High rates threaten NW industrials; companies challenge tariff

By Ann de Rouffignac, OGJ Online Editor

Eight large Washington state industrial companies, among the largest in the United States, want regulatory relief from unprecedented high electric rates.

Huge electric bills have forced some of the companies, including Air Liquide America Corp., Air Products and Chemicals Inc., Boeing Co., CNC Containers, Equilon Enterprises LLC, Georgia-Pacific West Inc., Tesoro Northwest Co., and Intel Corp. to cut production, close factories, and lay off workers. Some have installed temporary diesel-fired generators to reduce electricity costs.

The companies claim their electricity bills have jumped by as much as 300 percent in 2001.

The companies buy power under a special tariff with Puget Sound Energy (PSE) based on the Dow Jones Mid-Columbia Firm and Non-firm indices. The tariff known as “rate schedule 48” was agreed to by the companies, PSE and state regulators in 1996.

Under the tariff established by the Washington Utilities and Transportation Commission, the companies pay PSE for their energy costs, including transmission and distribution, but the commodity portion fluctuates with the index.

The companies claim these prices are no longer “just and reasonable” requiring the commission’s intervention. According to the companies’ recent filing, the Mid-Columbia firm index for on-peak power in January 2001 is expected to be 18 times the price for the same period in 1999.

They are asking the commission to adopt a new rate based on PSE’s cost of providing electric service to them.

PSE opposes reinstatement of the traditional cost-based tariffs. The utility claims the change would shift the costs to the residential and commercial customers.

“We have been amazed at their argument,” said Grant Ringel, spokesman for PSE. “They came and asked for this tariff. And they saved tens of millions of dollars in the first few years. They are being charged rates in a manner they devised.”

The tariff is based on the assumption the index represents a properly functioning competitive market. But the companies say the Mid-Columbia index is no longer representative of a competitive market.

The indices are thinly traded and don’t represent the actual market price of serving the companies. In the filing, the companies argued PSE is a party as either purchaser or seller in at least 35 percent of the transactions reported to Dow Jones which compiles the index.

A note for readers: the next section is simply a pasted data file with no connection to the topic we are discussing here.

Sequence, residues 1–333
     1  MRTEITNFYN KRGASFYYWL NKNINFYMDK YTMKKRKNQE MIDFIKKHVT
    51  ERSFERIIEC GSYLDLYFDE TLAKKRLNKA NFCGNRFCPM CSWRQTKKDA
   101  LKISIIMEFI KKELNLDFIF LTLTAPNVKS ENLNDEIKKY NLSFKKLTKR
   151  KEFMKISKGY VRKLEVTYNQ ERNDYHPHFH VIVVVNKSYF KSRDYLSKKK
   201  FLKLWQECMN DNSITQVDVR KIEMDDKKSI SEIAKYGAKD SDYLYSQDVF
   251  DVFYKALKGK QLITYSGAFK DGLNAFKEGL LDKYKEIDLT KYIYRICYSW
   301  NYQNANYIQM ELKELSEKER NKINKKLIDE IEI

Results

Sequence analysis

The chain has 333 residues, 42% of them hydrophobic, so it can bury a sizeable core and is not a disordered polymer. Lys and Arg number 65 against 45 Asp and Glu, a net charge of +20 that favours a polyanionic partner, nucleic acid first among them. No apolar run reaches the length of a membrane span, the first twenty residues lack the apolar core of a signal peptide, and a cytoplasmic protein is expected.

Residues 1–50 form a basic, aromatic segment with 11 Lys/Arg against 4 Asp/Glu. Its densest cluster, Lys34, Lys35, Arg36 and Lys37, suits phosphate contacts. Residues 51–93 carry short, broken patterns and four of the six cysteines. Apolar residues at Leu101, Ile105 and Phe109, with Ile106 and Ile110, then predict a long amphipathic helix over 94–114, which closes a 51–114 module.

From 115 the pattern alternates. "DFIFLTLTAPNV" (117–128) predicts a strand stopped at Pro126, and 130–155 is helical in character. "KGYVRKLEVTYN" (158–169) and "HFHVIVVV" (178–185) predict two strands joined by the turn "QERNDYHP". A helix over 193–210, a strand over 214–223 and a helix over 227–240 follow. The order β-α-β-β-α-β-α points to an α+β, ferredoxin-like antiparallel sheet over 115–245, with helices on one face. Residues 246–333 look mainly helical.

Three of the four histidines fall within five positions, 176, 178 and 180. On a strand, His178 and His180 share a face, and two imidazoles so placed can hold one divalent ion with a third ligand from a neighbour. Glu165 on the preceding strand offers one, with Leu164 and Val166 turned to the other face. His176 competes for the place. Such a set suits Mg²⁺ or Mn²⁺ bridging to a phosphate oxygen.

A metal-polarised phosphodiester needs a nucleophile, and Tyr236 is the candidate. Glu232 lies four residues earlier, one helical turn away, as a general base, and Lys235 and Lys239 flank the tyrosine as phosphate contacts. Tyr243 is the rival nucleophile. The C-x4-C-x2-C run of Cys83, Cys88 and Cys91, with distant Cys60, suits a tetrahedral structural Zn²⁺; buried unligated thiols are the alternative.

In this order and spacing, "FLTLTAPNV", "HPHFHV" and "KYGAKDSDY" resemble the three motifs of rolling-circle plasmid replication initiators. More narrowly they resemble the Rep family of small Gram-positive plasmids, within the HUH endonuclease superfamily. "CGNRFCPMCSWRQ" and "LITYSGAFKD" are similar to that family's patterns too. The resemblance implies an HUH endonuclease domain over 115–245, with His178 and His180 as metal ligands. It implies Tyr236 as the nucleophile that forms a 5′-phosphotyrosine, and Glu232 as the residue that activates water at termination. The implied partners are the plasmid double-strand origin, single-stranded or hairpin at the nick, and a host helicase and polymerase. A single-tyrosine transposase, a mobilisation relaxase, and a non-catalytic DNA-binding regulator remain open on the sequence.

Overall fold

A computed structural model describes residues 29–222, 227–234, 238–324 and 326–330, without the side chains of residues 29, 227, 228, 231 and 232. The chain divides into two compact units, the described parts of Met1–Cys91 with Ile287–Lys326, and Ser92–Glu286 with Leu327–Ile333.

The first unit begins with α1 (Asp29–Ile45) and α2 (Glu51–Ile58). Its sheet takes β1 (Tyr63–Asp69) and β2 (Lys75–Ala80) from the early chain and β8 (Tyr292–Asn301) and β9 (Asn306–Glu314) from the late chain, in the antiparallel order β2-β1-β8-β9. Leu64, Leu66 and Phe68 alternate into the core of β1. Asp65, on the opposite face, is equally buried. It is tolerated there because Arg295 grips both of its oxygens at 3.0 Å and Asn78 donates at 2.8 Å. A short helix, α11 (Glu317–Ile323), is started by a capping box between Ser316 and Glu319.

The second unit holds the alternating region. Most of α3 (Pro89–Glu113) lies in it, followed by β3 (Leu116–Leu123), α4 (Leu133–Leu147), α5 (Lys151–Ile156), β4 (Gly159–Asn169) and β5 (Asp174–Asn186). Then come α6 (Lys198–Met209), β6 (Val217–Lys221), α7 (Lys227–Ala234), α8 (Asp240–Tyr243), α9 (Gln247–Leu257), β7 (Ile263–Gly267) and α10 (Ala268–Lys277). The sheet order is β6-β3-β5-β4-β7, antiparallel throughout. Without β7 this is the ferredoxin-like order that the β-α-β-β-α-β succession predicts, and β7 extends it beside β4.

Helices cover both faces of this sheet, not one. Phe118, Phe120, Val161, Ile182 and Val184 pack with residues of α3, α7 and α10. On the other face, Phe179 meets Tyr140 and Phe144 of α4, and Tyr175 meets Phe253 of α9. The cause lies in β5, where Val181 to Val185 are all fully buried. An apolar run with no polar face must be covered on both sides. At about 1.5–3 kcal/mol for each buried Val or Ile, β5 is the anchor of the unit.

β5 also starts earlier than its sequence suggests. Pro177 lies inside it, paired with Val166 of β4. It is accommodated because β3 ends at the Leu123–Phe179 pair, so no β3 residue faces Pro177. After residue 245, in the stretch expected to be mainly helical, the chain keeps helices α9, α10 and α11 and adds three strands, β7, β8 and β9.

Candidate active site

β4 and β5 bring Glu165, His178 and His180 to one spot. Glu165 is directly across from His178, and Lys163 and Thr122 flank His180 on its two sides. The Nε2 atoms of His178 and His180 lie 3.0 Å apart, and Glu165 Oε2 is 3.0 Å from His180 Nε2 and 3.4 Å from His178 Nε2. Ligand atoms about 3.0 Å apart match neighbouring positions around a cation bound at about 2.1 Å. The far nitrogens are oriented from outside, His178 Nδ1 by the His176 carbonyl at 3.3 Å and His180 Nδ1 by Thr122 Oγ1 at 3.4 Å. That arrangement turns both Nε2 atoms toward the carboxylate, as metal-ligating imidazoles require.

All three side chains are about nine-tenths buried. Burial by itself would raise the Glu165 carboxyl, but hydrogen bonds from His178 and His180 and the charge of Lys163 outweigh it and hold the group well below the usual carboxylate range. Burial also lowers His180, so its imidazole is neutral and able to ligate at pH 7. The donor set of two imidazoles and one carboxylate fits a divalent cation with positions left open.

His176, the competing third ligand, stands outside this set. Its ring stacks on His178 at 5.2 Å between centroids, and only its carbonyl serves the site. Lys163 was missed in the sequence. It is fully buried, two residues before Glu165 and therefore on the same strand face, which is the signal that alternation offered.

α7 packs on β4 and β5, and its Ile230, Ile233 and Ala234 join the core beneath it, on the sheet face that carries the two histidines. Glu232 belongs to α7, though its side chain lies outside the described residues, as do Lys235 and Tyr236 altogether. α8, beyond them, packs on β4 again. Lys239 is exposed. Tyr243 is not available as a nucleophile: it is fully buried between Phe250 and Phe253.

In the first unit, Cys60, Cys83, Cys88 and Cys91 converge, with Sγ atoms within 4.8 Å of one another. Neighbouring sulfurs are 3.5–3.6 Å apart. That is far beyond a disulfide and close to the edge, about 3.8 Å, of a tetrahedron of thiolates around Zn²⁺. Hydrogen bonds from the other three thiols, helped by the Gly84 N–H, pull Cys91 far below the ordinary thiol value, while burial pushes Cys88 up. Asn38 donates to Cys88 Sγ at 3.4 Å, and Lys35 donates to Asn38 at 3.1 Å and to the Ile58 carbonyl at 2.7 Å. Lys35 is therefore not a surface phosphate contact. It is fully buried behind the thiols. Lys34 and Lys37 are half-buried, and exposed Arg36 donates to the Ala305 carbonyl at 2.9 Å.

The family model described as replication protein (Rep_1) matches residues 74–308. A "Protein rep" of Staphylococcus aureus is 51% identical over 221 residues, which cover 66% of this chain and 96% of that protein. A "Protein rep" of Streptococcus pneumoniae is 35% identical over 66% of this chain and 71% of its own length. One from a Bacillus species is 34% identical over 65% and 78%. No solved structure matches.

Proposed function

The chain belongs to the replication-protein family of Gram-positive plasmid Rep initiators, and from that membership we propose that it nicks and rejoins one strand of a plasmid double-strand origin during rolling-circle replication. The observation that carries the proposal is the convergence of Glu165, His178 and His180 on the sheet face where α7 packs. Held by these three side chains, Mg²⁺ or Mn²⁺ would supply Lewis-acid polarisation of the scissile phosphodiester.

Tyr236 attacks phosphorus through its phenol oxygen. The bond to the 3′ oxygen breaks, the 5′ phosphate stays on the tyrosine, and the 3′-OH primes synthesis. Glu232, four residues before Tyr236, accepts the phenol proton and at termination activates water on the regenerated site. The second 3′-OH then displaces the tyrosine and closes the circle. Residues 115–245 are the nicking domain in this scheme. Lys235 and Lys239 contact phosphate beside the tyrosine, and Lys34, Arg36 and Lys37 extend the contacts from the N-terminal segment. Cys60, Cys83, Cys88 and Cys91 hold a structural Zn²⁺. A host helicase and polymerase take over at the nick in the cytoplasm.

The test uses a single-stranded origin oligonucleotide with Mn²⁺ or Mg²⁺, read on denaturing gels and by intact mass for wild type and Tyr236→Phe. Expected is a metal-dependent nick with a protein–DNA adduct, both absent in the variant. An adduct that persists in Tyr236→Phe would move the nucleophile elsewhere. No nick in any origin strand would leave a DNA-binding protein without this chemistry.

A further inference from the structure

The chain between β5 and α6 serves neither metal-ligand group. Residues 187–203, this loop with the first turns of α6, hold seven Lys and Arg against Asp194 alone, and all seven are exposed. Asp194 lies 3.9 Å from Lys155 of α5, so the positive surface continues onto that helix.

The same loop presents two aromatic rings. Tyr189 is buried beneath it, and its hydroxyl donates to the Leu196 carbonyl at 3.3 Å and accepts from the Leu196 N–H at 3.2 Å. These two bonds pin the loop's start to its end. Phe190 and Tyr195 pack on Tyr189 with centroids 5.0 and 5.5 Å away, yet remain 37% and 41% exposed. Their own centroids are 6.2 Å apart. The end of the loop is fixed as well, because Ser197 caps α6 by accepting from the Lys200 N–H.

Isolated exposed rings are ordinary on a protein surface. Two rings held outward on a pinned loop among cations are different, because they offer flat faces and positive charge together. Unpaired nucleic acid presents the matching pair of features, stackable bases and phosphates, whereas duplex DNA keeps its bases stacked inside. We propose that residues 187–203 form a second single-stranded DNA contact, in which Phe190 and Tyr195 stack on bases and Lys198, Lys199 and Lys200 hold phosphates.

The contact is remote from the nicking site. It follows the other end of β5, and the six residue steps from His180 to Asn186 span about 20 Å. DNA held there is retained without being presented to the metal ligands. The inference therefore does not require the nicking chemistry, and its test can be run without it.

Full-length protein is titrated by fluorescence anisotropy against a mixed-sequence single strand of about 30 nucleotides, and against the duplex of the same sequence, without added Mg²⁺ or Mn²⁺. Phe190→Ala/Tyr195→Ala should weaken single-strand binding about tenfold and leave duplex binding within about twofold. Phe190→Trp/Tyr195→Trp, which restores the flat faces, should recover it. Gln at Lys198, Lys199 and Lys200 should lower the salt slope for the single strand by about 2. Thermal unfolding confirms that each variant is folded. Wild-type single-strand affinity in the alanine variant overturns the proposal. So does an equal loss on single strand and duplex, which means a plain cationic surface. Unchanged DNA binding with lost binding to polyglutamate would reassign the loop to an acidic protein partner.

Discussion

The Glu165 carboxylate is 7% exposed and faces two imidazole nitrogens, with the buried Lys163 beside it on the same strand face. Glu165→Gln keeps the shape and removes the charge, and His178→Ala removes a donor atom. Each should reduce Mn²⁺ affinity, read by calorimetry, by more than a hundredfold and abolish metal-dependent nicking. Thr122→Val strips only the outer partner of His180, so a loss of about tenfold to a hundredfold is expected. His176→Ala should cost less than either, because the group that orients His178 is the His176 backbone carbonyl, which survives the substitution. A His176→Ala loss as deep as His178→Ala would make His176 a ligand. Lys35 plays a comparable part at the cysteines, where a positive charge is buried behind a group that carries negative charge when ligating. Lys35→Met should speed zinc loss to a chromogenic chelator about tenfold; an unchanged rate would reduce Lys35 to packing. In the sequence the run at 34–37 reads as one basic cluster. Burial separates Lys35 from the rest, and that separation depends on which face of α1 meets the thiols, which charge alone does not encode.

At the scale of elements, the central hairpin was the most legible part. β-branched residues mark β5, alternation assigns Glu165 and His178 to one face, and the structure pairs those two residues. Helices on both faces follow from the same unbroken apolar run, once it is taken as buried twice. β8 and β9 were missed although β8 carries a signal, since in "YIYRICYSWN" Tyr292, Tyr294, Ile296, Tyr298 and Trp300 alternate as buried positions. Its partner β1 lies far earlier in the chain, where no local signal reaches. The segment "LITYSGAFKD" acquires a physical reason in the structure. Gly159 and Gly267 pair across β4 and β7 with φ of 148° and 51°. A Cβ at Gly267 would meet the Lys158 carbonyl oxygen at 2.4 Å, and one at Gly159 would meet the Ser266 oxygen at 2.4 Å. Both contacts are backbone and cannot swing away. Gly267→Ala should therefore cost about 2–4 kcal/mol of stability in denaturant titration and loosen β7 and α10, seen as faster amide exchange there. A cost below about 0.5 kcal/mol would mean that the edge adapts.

“PSE’s (Puget Sound) activity still represented 135 MW of the reported 389 MW or 35 percent of the reported market. Such market dominance by a party who has much to lose based on the index prices raises extremely serious questions regarding the validity of the index,” according to the filing.

The companies also object to the use of the highest market price to set all prices for all the companies similar to the much criticized wholesale power market in California.

The high Northwest power prices have created an “economic emergency that threatens the welfare of this state,” according to the filing.

Tesoro has reduced refinery production 20 percent. It also installed 12 diesel-fired generators and is in the process of installing eight more to reduce its electric bill. Plastics maker CNC said high electric bills wiped out its 2000 profits at all its western facilities. The plant curtailed production and is in the process of moving some of its production out of Washington. At least 35 jobs will be lost.

Air Products and Chemicals operates an air separation facility producing industrial gases. The company now operates its plants on a day-to-day basis depending upon anticipated electrical costs for each day. Georgia-Pacific laid off 500 employees at one of its pulp and paper mills until diesel generators could be installed to reduce electric bills. The company has since rehired 250 workers.

The companies said they agreed to assume the risks in a functioning competitive market, but they did not agree to assume the risks if the market was seriously flawed.

Ringel said other companies under the special tariff have not asked for a new tariff, because they used financial hedges to smooth the volatility of price spikes.

“We are not talking about unsophisticated parties here,” said Ringel.

On the other hand, the companies allege hedging won’t solve the problem. They maintain hedging would be required over a very long term to smooth the current and projected future prices. Moreover, they say there are no hedging products offered in this market.

“The ability to hedge is based on the assumption that prices are being set by a properly functioning competitive market, which is not the case,” the filing said. “It is not clear if anyone would offer such a product in today’s market.”

Tim Hogan, PSE vice-president of external affairs, said the companies are trying to shift the consequences of their business decisions to others, in the form of higher rates at the expense of other PSE customers.

The companies disagreed. They said their load is part of the utility’s system load and will not require PSE to acquire more electricity resources to serve them.


Ann de Rouffignac is a power editor for PennWell’s Oil & Gas Journal online (www.ogjonline).
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